I don’t think it will be very long before the hand-written letter becomes obsolete. The baby boomer generation are very tech-savvy. It is their parents who have not climbed on board to a great extent. When these people have passed on, it is almost sure that the hand-written letter will die a natural death too – in the not too distant future.Is that good or bad? Is it sad? I guess that depends on how much a person values the more personal forms of interaction.

Become a Wikinutapply here

Read my other pages –

Internet penfriends can become treasured friends

Healing my broken spirit

Tags

Courtesy, Emails, Handwriting, Letters, Love, Manners, Post Offices, Social Interaction, Texts

Meet the author

author avatar Susan Jane
I am an Australian professional writer/editor. My focus is celebrity news with an Australian focus, nutrition, animal welfare, travel, aged care, and instructions for fiction and non-fiction writing.

Share this page

moderator Steve Kinsman moderated this page.
If you have any complaints about this content, please let us know

Comments

author avatar Susan Jane
7th May 2013 (#)

Thank you Steve. Great to get another page up. More to come.

Reply to this comment

author avatar Sivaramakrishnan A
7th May 2013 (#)

Thoughtful post Susan Jane. I too feel for the slow eclipse of hand written letter and note. I still cherish face-to-face interaction but that is also becoming history. Some are too busy fiddling with their mobile phones even when we meet them. We are slowly becoming robots devoid of human feelings and values - siva

Reply to this comment

author avatar Susan Jane
7th May 2013 (#)

I totally agree Siva. But we can't stop change. I wonder what will come next?

Reply to this comment

author avatar Mariah
7th May 2013 (#)

Your article is so reflective of
life today Susan.
Where we used to lift the phone and chat, though it's more convenient to text now,
personal communication has sadly taken a back seat.
I agree with you totally that
it's so nice to send and receive a wee thank you card
and a hand written letter.
Our generation are more likely
to continue that, but as you say, it's more than probable these personal touches will become a thing of the past, sad.
Very interesting and well written page Susan
Thank you
Mariah

Reply to this comment

author avatar Susan Jane
7th May 2013 (#)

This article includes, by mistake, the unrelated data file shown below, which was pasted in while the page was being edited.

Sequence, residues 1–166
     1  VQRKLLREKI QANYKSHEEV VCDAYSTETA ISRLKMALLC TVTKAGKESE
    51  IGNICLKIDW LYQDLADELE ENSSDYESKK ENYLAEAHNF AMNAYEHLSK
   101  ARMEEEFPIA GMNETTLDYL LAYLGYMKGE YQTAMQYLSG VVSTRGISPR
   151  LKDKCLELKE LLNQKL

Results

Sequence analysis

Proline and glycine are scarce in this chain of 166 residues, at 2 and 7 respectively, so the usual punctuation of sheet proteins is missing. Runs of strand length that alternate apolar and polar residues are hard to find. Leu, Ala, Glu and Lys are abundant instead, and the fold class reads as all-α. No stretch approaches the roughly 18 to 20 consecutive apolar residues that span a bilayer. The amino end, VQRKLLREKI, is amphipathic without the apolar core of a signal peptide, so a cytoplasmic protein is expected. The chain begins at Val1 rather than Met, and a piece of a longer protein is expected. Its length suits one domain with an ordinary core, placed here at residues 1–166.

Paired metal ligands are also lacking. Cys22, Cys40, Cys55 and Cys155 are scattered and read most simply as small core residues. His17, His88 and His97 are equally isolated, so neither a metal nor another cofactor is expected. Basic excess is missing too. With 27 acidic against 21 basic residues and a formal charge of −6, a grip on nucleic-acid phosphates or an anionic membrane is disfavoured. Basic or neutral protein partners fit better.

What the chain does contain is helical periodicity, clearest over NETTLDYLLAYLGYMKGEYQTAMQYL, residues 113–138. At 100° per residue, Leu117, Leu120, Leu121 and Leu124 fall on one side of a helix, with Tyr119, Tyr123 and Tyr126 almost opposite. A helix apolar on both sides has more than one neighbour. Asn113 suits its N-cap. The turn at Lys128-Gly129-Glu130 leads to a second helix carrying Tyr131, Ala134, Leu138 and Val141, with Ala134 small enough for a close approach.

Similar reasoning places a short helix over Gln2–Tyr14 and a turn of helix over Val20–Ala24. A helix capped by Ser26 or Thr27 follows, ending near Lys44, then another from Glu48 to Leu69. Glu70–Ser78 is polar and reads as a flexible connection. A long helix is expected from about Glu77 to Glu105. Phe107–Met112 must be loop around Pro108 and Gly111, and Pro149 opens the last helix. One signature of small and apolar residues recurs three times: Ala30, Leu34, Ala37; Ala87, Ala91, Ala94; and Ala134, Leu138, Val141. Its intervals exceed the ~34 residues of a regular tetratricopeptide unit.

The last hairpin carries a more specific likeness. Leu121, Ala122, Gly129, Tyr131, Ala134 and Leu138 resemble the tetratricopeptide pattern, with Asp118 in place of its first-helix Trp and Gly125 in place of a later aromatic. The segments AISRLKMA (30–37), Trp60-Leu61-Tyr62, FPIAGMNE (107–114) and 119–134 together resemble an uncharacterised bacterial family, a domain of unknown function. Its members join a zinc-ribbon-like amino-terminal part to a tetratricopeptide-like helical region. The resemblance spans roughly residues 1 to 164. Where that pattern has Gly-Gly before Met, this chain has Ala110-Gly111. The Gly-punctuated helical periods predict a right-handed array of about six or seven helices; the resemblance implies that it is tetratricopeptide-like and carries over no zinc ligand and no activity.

Glad you liked my opinion on this Mariah. Thanks.

Reply to this comment

author avatar Stella Mitchell
7th May 2013 (#)

Yes Susan , many of us rue the day when a quick text replaced the letter in the post ,even though we are caught up in it ourselves . I would much rather hear the voice of a friend than read . How R U ? But , such is the day we live in , so for that , I must be content .
God bless you .
Stella >I<

Reply to this comment

author avatar Susan Jane
7th May 2013 (#)

Bless U 2 Stella. Just kidding!

Reply to this comment

author avatar Delicia Powers
7th May 2013 (#)

Yes I fear this too Susan Jane, not just because Mike is a rural mail carrier... but something more is lost in a text... I just found a note my Dad had written me many years ago about some trivial matter- he has be gone many years now- but in looking at that note- I saw again his work worn hands writing it and his smile only brought back to me by this note- faded forgotten by time.

Reply to this comment

author avatar Susan Jane
7th May 2013 (#)

How nice to find that note, Delicia. I often find bits and pieces around the house that were written by my Mum. I save them and often re-read them. It makes you feel close to the person who wrote the note.

Reply to this comment

author avatar Songbird B
8th May 2013 (#)

I am like you Susan Jane, I love the handwritten letters that I used to receive through the post. Nowadays even most celebratory cards are by text or email..We are losing something very precious in our ever increasing hi-tech lives..

Reply to this comment

author avatar Susan Jane
8th May 2013 (#)

Well - a few of us can still keep this tradition alive, but it is becoming more difficult as people become time poor. Thanks for your comment.

Reply to this comment

author avatar Carol
14th May 2013 (#)

Great post, I am gulity myself of emailing people for quickness, but do write to some who don't have a computer.

Reply to this comment

Add a comment
Username
Can't login?
Password